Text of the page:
Almost two decades ago, the regular airplay of Charles Odero Ademson aka Makadem debut raggamuffin single Mr. Lololova - had unwittingly launched then budding musician into the local showbiz scene limelight. Consequently, his emergent status as an upcoming 'rapper' - earned him the rare chance to prance on stage minutes before UK-based reggae star Maxi Priest's performance as the headliner act during Beats of the Season concert in 1999.

And barely a year later, when popular Congolese musician Awilo Longomba graced the same event's 2000 edition as main act - Makadem was yet again on the list of curtain-raisers. In 2001, 2002 and 2004 - the artiste was riding on a popularity crest. He earned curtain-raiser slots for several Reggae Summerfest concert performances headlined by leading Jamaican reggae artistes Gregory Isaacs, Culture band fronted by the late Joseph Hill and crooner Glen Washington.

But come 2005, as one of Spotlight on Kenyan Music series finalists, Makadem gradually embarked on the quest to transform his musical career. Having started out as a ragamuffin rapper, it dawned on him along the way that he needed to switch tracks. And years later on, Makadem's gamble to adopt a musical style that blends both traditional and modern influences paid off - becoming one of Kenya's visible contemporary Afro-fusion artistes.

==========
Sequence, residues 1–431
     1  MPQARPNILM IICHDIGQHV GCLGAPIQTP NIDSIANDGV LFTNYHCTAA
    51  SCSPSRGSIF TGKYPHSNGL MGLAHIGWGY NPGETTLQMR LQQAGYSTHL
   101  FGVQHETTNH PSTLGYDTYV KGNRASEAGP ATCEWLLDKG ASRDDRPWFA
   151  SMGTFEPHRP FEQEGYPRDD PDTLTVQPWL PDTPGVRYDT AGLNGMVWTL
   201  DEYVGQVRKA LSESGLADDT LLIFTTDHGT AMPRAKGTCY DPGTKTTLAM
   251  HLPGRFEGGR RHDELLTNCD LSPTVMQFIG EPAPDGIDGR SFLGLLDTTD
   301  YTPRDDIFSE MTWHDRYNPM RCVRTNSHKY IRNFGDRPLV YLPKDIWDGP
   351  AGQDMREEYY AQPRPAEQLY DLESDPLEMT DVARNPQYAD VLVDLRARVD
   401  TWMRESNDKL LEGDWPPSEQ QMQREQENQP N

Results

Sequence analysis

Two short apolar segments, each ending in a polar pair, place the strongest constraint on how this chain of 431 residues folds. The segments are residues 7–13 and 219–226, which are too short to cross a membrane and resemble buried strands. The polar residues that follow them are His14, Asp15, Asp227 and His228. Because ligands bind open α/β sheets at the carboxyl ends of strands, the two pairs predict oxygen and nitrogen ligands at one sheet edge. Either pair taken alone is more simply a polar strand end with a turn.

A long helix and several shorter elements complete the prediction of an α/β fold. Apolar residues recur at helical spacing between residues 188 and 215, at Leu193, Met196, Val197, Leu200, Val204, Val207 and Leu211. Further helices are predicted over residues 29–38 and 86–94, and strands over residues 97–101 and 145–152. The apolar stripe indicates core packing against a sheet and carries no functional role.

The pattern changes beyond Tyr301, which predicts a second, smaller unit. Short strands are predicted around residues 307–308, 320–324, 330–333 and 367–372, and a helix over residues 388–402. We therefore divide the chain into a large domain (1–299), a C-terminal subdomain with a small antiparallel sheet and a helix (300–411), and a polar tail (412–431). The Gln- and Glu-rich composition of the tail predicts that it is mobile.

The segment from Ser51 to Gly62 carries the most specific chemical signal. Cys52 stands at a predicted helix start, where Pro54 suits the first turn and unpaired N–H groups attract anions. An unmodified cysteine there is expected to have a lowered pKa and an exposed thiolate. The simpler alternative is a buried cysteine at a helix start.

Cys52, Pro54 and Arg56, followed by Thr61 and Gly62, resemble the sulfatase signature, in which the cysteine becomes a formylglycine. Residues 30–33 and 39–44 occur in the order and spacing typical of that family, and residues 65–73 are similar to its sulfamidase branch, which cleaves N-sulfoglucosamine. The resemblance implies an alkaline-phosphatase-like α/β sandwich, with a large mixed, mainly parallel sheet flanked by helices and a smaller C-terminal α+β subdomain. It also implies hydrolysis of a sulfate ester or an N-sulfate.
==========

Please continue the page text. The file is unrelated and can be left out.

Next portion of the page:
He is no longer just a curtain raiser act - but often gets on stage among other headline acts at various festivals across the globe. Makadem has performed alongside late Afro-beat king Fela Kuti's son Seun Kuti besides being the opening act at the Cannes Film Festival and the Ollin Kan Festival in Mexico among other events in Europe, the UK and USA.

Prominent on Makadem's songs is an array of the lakeside Luo community instruments such as the orutu, ohangala drums and kalimba, which are performed alongside modern electric guitars, keyboard and drums. He has been described as an artiste whose deep understanding of his cultural roots is reflected in his compositions.

The fact that he hails from Nyanza region, which is home to Lake Victoria from whose shores Kenya's distinctive benga style took root, no doubt inspires Makadem to tap into the music of the genre's pioneers - most of whom trace their heritage to the region.

His debut 12-track CD titled Ohanglaman for instance, marked a distinct departure from his raggamuffin launching pad, as he embraced the composer of afro-fusion music identity. On this album, Makadem christened his songs as Anglo-Ohangla, which he once explained as being "a mixture of traditional Luo Ohangla, nyatiti beats and rhythms sprinkled with African and contemporary influences".

That over the years, Makadem has grown artistically is indisputable, extensively borrowing instrumental beats from traditional Luo ohangla and dodo rhythms. These are infused with percussions and contemporary, urban-driven Afro-beats complemented by heavily accented Luo-English vocals, perhaps an attempt to inject an indigenous flavour to his brand of music.

Makadem in concert